Thilini W Hettiarachchi1, Thilini Sudeshika2, Buddhi N T. Fernando1, Hemalika T Abeysundara3, Rusiru D Hemage1, Zeid Badurdeen1, Rajitha Hanarasinghe1, Sulochana Wijetunge4, Nishantha Nanayakkara5
1 Center for Education, Research and Training on Kidney Diseases, Faculty of Medicine, University of Peradeniya, Sri Lanka
2 Department of Pharmacy, Faculty of Allied Health Sciences, University of Peradeniya, Sri Lanka
3 Department of Statistics and Computer Science, Faculty of Science, University of Peradeniya, Sri Lanka
4 Department of Pathology, Faculty of Medicine, University of Peradeniya, Sri Lanka
5 Transplant and Dialysis Unit, Teaching Hospital, Kandy, Sri Lanka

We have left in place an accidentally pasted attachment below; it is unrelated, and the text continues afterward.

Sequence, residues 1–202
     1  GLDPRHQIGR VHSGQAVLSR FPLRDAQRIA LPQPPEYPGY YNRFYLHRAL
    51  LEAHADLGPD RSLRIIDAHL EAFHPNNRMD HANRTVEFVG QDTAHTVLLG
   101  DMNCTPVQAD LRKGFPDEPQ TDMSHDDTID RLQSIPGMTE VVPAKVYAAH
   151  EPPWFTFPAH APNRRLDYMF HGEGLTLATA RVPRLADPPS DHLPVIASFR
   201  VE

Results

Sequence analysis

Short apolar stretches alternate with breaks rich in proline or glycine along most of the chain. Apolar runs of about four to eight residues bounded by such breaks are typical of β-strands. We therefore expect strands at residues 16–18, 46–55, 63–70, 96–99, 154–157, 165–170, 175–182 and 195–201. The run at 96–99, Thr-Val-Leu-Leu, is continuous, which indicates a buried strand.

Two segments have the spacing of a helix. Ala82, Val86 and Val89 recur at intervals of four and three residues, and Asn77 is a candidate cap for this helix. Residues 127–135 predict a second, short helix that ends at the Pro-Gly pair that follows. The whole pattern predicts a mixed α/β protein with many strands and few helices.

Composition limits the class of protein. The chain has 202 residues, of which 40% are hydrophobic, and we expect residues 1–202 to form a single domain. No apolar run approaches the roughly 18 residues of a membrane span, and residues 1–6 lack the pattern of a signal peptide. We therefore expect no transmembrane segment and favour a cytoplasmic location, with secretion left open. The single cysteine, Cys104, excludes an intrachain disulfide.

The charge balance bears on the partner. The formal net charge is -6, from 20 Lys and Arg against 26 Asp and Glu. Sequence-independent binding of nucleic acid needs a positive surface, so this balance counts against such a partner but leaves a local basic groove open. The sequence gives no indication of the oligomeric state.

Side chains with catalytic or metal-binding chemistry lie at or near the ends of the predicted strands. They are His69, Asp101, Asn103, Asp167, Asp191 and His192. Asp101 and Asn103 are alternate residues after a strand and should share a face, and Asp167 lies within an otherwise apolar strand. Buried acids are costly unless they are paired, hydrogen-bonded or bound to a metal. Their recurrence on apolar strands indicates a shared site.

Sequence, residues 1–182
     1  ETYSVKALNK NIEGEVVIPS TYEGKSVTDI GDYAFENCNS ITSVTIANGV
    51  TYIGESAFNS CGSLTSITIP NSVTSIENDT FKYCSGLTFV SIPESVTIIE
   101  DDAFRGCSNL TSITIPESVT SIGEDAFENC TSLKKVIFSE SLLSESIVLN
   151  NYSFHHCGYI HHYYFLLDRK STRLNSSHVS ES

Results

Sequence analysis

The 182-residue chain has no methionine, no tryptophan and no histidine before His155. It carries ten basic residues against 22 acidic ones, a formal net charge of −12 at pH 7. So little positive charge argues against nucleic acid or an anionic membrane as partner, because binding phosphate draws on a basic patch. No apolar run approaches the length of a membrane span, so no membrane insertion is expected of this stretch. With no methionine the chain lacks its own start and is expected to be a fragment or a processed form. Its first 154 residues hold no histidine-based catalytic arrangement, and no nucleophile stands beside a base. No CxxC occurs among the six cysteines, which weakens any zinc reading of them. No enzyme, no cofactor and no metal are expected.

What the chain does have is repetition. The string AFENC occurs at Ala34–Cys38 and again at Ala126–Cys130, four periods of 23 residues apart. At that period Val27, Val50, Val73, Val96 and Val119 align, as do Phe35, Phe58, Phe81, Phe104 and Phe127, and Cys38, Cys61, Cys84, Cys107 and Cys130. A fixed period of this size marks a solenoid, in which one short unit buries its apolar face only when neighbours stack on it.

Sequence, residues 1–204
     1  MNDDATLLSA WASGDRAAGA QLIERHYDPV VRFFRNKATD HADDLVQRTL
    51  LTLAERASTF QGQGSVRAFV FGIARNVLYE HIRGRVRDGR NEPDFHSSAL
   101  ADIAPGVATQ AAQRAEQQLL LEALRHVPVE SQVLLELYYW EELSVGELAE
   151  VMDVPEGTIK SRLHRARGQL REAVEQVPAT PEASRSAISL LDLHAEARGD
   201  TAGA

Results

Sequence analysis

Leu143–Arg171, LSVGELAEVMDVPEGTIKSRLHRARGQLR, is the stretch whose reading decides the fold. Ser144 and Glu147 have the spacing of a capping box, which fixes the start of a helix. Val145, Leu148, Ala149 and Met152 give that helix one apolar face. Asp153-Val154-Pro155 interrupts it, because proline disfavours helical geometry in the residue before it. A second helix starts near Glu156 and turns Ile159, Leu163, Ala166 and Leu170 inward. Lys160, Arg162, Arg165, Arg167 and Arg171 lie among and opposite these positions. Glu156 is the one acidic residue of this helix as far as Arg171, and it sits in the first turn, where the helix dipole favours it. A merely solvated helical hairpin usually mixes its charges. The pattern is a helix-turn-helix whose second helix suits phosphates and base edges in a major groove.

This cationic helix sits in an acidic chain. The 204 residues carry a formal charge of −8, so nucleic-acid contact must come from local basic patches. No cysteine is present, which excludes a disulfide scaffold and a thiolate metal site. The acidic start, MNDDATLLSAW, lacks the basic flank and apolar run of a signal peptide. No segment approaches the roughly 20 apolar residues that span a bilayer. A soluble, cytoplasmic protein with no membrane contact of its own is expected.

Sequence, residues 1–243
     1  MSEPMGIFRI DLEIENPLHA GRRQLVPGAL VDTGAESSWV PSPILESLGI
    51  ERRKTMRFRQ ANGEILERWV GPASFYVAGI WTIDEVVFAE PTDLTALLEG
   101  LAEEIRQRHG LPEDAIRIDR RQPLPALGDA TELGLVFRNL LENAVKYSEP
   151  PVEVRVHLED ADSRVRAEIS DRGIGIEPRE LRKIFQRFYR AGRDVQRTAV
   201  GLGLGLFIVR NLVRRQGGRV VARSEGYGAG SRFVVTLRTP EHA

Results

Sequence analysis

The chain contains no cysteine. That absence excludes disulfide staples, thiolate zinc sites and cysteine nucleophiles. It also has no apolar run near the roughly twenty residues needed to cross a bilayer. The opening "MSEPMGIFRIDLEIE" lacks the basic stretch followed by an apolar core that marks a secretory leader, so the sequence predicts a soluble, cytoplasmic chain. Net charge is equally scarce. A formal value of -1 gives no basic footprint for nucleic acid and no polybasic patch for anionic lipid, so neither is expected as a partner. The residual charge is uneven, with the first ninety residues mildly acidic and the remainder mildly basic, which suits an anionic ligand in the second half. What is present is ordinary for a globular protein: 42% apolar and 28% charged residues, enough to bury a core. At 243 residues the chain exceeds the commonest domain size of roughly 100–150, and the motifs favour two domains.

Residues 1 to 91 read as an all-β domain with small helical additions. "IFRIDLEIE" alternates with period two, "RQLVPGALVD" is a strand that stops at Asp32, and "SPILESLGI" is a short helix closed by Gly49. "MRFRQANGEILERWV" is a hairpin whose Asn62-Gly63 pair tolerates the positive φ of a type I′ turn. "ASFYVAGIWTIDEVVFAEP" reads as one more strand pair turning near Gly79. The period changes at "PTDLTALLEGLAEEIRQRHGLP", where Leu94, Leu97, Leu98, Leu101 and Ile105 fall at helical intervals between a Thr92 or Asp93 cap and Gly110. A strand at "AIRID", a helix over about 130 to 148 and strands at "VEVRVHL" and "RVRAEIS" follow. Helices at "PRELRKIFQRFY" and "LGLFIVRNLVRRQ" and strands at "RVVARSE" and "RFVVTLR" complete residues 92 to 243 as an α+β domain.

Chronic kidney disease of uncertain etiology (CKD-u) is an important public health issue in Sri Lanka and around the world, but published evidence of the progression of this disease is scanty. Our aim is to analyze the progression patterns and the associated risk factors of definite and probable CKD-u cases. This observational study was based on records of CKD-u cohort from 2005-14 at Girandurukotte, an endemic area for CKD-u in Uva Province, Sri Lanka. Data (rate of progression, survival, and risk factors) were analyzed using R statistical software. CKD-u cases (379) were included in analyses based on the adequacy of variables. Mean age was 53 years, male-to-female ratio of 2.5:1, and smoking were significant risk factors (P <0.10) for CKD-u progression. Males had 2.3 times hazard for CKD-u survival than females, and males who smoked had 2.57 times risk of CKD-u progression than nonsmoking males. Faster eGFR decline rate of >5 mL/min/1.73 m2/year have been identified in 25% of the sample (n = 100); this group is significantly younger than the slower progression group (mean age 46 years) and was at an early stage at the time of presentation (mean eGFR 76.02). CKD-u progression was not equal in all patients but faster in young people who presented at earlier stages. Continuous exposure to environmental risk factors may influence the rate of progression. Females have higher CKD-u survival rates than males. Tobacco smoking was associated with a lower survival of CKD-u but could be a proxy indicative of other exposures.
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